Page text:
[Boromir, too, will come, which leaves two more places. Elrond thinks to send two Elves from his household.]

‘But that will leave no place for us!’ cried Pippin in dismay. ‘We don’t want to be left behind. We want to go with Frodo.’

‘That is because you do not understand and cannot imagine what lies ahead,’ said Elrond.

‘Neither does Frodo,’ said Gandalf, unexpectedly supporting Pippin. ‘Nor do any of us see clearly. It is true that if these hobbits understood the danger, they would not dare to go. But they would still wish to go, or wish that they dared, and be shamed and unhappy. I think, Elrond, that in this matter it would be well to trust rather to their friendship than to great wisdom. Even if you chose for us an elf-lord, such as Glorfindel, he could not storm the Dark Tower, nor open the road to the Fire by the power that is in him.’

‘You speak gravely,’ said Elrond, ‘but I am in doubt. The Shire, I forebode, is not free now from peril; and these two I had thought to send back there as messengers, to do what they could, according to the fashion of their country, to warn the people of their danger. In any case, I judge that the younger of these two, Peregrin Took, should remain. My heart is against his going.’

‘Then, Master Elrond, you will have to lock me in prison, or send me home tied in a sack,’ said Pippin. ‘For otherwise I shall follow the Company.’

‘Let it be so then. You shall go,’ said Elrond, and he sighed. Now the tale of Nine is filled. In seven days the Company must depart.’

The Sword of Elendil is reforged, renamed by Aragorn Andúril. Aragorn and Gandalf walk together and speak together about the mission before them.

Sometimes Frodo was with them; but he was content to lean on their guidance, and he spent as much time as he could with Bilbo.


Film scene:

[Sam, who has been hiding behind the greenery, jumps out and runs up to stand by Frodo. Aragorn lifts his hand to let Sam come through. Frodo watches as Sam addresses Elrond.]

Sam: Here! Mr. Frodo's not going anywhere without me!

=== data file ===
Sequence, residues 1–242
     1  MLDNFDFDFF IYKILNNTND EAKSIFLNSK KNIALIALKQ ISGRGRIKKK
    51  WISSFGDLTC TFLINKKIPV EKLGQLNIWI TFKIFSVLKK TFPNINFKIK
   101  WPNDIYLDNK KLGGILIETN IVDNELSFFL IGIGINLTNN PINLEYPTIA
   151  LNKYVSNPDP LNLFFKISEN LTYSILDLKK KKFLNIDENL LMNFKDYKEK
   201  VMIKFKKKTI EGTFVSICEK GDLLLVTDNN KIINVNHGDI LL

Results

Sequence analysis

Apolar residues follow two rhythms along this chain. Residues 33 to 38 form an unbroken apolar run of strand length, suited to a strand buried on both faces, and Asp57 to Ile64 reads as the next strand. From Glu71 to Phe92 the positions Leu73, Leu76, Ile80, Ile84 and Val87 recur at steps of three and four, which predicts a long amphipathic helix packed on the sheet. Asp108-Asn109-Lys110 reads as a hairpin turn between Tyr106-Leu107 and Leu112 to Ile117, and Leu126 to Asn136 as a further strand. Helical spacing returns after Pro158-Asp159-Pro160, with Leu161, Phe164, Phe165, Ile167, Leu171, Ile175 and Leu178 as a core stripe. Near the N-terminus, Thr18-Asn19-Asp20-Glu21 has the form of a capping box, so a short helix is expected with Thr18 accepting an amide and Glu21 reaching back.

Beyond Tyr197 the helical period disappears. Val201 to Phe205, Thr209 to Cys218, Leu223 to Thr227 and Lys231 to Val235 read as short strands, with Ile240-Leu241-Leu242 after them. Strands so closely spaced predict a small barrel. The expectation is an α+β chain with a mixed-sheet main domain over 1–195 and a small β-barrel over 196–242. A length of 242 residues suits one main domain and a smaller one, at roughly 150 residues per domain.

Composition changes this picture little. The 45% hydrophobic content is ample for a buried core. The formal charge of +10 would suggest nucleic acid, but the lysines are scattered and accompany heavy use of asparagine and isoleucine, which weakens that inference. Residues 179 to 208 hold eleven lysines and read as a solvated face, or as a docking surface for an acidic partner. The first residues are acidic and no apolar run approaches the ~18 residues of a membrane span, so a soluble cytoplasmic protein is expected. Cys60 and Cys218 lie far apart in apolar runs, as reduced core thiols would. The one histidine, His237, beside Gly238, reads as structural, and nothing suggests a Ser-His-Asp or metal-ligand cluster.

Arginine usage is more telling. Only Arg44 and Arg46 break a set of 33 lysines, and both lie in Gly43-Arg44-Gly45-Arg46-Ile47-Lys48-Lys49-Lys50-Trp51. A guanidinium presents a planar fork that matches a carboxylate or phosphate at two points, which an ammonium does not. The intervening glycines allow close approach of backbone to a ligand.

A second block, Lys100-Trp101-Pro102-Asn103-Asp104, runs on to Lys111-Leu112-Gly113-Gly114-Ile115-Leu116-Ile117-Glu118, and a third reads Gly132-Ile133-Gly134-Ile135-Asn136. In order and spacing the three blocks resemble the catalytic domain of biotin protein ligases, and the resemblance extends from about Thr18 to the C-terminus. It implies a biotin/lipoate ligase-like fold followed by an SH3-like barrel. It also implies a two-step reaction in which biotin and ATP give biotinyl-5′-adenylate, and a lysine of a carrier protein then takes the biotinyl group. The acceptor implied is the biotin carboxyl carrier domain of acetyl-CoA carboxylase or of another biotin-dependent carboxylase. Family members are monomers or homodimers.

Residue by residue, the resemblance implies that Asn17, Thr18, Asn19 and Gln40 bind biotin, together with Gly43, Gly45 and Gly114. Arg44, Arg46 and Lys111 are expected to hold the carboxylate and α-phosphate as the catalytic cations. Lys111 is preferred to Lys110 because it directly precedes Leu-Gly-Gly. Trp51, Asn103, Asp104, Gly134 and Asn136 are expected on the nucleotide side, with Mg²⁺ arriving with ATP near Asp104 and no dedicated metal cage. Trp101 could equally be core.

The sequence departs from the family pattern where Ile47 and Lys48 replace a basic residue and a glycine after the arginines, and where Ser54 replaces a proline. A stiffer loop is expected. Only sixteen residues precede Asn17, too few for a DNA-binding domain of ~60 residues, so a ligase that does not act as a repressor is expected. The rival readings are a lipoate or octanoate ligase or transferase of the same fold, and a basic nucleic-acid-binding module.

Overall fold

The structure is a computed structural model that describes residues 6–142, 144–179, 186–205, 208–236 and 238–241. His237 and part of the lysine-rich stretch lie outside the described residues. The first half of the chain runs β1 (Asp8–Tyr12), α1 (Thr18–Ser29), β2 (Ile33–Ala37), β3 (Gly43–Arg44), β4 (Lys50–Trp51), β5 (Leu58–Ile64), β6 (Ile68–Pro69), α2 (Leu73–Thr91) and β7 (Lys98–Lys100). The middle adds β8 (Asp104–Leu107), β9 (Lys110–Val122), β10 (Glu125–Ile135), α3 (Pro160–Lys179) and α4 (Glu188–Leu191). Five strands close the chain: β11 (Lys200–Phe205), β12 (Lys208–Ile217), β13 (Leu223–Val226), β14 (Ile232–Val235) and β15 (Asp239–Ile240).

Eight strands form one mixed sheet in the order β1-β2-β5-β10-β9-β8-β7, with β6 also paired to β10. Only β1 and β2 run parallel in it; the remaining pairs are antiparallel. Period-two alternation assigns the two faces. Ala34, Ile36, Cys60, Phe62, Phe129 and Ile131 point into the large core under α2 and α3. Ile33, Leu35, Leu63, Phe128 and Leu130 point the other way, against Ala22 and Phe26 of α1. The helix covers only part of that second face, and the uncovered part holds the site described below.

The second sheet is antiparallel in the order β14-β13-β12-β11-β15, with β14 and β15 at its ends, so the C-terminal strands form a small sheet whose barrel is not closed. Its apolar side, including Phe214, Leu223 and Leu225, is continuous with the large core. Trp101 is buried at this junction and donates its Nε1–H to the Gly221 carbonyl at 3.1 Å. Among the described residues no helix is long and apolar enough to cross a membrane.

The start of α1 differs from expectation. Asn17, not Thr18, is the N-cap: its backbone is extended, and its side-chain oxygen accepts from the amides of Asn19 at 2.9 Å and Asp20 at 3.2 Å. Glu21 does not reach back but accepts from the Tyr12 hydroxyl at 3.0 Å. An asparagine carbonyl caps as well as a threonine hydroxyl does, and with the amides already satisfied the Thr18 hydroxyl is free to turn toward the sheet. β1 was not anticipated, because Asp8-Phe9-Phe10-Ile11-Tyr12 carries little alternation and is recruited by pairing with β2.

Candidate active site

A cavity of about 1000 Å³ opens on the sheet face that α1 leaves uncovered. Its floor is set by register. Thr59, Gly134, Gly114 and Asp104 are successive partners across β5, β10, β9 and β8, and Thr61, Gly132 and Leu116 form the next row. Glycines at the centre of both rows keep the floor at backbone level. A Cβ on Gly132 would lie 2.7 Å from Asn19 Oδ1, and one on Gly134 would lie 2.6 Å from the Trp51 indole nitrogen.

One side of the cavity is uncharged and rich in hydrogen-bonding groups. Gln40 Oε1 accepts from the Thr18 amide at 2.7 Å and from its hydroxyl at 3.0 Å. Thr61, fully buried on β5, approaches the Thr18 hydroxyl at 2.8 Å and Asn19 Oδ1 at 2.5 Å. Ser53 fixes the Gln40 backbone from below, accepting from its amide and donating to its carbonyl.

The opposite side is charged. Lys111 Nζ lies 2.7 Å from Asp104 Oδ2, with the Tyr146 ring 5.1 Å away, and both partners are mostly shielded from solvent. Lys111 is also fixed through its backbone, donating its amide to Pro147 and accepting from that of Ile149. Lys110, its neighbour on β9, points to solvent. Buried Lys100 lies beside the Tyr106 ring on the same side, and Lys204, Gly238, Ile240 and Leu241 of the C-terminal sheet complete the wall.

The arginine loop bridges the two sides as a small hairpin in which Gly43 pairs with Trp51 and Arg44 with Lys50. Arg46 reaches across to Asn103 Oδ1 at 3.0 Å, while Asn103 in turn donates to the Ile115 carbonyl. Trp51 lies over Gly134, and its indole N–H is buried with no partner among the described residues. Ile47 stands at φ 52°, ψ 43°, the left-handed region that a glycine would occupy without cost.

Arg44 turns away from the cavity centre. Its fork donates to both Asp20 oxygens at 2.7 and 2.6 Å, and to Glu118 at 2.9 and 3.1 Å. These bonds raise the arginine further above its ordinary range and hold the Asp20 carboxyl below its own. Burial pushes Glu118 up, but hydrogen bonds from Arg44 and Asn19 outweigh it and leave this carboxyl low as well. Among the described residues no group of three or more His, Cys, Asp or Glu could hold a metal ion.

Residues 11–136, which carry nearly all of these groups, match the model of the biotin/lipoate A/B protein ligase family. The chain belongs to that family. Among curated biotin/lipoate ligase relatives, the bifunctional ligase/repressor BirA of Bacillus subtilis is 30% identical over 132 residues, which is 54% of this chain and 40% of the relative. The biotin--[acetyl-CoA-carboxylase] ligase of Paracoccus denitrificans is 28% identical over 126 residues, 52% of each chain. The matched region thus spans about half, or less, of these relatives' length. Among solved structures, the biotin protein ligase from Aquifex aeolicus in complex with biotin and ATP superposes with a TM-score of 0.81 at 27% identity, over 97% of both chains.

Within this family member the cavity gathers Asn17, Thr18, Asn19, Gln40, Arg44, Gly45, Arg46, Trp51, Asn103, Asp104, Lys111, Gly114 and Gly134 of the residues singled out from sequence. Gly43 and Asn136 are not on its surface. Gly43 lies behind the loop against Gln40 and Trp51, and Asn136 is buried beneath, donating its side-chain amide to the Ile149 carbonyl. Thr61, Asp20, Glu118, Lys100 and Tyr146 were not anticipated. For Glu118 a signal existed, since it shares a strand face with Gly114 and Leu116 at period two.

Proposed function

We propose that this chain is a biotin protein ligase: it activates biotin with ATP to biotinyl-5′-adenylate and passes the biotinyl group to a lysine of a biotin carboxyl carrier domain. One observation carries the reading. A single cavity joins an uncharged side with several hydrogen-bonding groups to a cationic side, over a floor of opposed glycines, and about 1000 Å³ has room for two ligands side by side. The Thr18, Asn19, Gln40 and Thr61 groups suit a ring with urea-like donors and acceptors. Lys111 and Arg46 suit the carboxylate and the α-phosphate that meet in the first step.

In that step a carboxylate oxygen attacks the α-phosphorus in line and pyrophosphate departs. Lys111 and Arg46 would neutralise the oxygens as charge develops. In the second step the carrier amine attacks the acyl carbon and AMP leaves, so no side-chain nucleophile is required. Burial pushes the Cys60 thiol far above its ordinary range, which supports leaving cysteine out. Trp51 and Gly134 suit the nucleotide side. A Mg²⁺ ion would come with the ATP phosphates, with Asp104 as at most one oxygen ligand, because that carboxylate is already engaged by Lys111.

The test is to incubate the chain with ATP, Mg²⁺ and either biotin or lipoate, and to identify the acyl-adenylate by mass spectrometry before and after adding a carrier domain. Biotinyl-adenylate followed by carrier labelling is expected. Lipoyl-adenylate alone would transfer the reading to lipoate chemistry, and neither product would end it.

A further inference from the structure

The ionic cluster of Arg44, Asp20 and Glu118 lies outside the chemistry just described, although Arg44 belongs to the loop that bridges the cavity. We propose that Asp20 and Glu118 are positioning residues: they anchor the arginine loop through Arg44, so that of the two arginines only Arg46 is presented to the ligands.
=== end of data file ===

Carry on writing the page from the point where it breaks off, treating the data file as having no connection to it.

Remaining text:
Elrond: No, indeed, it is hardly possible to separate you from him, even when he is summoned to a secret Council, and you are not.

Merry: Hoy! We're coming too!

[Merry and Pippin, peeping in from a doorway, patter forward to stand by Frodo.]

Merry: You'll have to send us home tied up in a sack to stop us.

Pippin: Anyway, you need people of intelligence on this sort of mission… quest… thing.

Merry: Well that rules you out, Pip.

Elrond: Nine companions. So be it. You shall be the Fellowship of the Ring.

Pippin: Great! Where are we going?





















On Being Part of a Grand Story

~ by jan-u-wine

Will you
and I
be part
a grand


would be a tale

a tale....

for there's
you see,

and them as
you don't....

and it's the ones
you *don't*

that need telling
the most.

This one here,

might seem
cruel hard
in the telling.

It isn't so.

It might

terrible sad
to other eyes.

It isn't so......

it isn't so.

tell it,

in happier times
that will be,

shall make it small

like a shiny toy
from long-ago,

held tight
wondering hands.


young faces,

lit by curiosity....
by far-away fears.

and Elves.....

coal-eyed horses....

bound by magik spells,

spinning webs

of night....


trees of light....

will all be

a story to them,

strangely beautiful,
an age-softened

mums whisper
between bath

And you...

the most

of Hobbits,

brave Gardener.

in happier times,

tell our tale.

Previous entry:

~ Riv. 10: Council of Elrond 4 – ‘Though I do not know the way’, plus jan-u-wine’s 'The Counsel of Elrond’.

Next entry:

~ Rivendell 12 – The presentation of Sting, plus jan-u-wine’s 'Finely Crafted'.

Other Links:

~ Entries with jan-u-wine's poems.

~ Main table for all entries

~ Mechtild
Tags: fellowship of the ring, frodo, frodo screencaps, jan-u-wine, sam